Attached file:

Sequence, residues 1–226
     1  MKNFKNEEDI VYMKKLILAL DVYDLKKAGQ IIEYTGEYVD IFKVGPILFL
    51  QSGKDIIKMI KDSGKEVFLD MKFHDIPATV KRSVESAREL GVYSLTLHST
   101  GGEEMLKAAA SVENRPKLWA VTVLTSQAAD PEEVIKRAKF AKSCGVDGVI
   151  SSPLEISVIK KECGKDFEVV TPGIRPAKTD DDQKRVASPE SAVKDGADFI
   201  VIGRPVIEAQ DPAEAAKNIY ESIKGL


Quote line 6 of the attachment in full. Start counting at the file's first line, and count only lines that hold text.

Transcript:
   201  VIGRPVIEAQ DPAEAAKNIY ESIKGL